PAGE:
WHAT IS A MINI BOND?

There is no legal definition of what a mini-bond is in the UK. Most companies that have offered them, including London Capital & Finance, borrow money from ordinary savers, promising them a fixed return well above the rate available on most standard saving products. The mini-bond firm is then largely free to do what it wants with the money. Many have lent investors’ cash to third party companies (which sometimes has the same directors), bought other risky investments such as race horses or wine, or funded property construction. A number of companies that raised money in this way have collapsed with millions of pounds of savers’ money unaccounted for. The FCA claims that mini-bonds are not within its remit, while criminal investigations for fraud are rare and prosecutions even rarer. As a result, investors generally have no protection if things go wrong, and fraudsters can operate with little fear that they will be punished.

ONLINE ACCOUNTABILITY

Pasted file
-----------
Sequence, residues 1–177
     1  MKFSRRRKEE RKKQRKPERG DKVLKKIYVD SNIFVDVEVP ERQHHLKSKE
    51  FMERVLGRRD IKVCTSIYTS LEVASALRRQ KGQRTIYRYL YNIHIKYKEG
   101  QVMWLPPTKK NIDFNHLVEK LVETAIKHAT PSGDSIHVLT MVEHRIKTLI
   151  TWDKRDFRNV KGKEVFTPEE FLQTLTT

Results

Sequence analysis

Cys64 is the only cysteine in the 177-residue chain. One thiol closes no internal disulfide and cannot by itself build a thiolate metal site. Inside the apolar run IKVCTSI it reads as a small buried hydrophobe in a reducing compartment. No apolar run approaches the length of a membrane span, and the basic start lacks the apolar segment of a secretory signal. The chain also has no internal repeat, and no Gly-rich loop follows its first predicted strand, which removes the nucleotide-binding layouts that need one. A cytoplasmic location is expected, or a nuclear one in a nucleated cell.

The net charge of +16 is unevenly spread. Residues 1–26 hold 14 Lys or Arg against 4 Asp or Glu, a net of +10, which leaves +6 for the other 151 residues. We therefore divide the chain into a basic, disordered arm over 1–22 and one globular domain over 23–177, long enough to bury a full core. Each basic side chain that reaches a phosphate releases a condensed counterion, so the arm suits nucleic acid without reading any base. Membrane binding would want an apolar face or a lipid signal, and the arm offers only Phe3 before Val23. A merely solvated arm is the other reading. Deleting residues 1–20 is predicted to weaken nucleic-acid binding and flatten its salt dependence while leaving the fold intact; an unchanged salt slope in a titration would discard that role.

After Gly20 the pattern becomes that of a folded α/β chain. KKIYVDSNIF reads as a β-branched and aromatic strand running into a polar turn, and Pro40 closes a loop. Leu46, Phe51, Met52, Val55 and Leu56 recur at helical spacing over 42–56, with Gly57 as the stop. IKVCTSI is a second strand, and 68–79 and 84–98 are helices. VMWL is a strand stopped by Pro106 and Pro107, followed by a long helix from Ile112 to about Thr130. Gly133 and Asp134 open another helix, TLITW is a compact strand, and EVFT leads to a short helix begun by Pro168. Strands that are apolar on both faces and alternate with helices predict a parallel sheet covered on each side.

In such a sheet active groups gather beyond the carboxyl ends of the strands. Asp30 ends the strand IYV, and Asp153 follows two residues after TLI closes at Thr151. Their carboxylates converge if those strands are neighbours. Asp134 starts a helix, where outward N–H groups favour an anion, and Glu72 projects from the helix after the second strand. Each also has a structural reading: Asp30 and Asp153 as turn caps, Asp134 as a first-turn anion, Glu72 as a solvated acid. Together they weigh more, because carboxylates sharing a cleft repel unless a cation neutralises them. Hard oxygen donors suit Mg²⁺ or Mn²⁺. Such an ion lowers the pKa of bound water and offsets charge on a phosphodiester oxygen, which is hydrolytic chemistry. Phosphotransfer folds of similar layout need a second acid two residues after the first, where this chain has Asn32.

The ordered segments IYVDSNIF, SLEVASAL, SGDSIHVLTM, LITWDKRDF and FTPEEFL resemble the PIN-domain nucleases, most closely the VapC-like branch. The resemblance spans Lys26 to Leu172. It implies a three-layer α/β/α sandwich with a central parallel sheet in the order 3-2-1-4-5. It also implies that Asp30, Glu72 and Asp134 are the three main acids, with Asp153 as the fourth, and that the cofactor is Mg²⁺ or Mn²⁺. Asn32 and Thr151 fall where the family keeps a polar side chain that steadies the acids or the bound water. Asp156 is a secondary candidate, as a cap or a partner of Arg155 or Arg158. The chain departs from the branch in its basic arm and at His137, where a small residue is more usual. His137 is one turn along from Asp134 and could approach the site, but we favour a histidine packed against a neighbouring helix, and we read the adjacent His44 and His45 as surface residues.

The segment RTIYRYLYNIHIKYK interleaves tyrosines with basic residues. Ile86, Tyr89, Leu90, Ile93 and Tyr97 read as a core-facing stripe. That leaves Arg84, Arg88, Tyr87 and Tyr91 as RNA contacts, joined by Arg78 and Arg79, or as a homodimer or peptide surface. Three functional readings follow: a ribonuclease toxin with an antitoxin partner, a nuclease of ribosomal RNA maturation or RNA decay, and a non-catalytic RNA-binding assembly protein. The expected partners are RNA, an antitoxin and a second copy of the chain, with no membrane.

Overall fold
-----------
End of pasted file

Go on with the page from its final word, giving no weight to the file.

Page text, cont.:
One of the many problems with google and facebook is that they carry advertising and seem unwilling or unable to vet adverts for authenticity, though I find this very hard to believe as whenever I have attempted to run even the tiniest marketing initiative on Facebook, my “advert” has to get “approved” before it can run. So… no I don’t believe that more cannot be done. Anyway, savers who are not as sophisticated as the scammers invariably google interest rates and are faced with adverts offering higher rates… what’s not to like? Well just the fact that risk isn’t really explained and its all framed to look, smell, sound and taste like any other Bank. You need to know the real risks that you are taking. A mini-bond is a great way to part with your cash on a permanent basis, something that the stock market does not do until Armageddon (as you will not get to a £zero value if you have invested in an index unless everything is worth nothing – and I can only imagine one scenario where that could occur… the sort of scenario where a Blofeld Bond-like villain (hence the cat picture…) is holding the world to ransom, or the actual obliteration of everything we know. If this ever happens, you won’t be worried about your ISA or pension.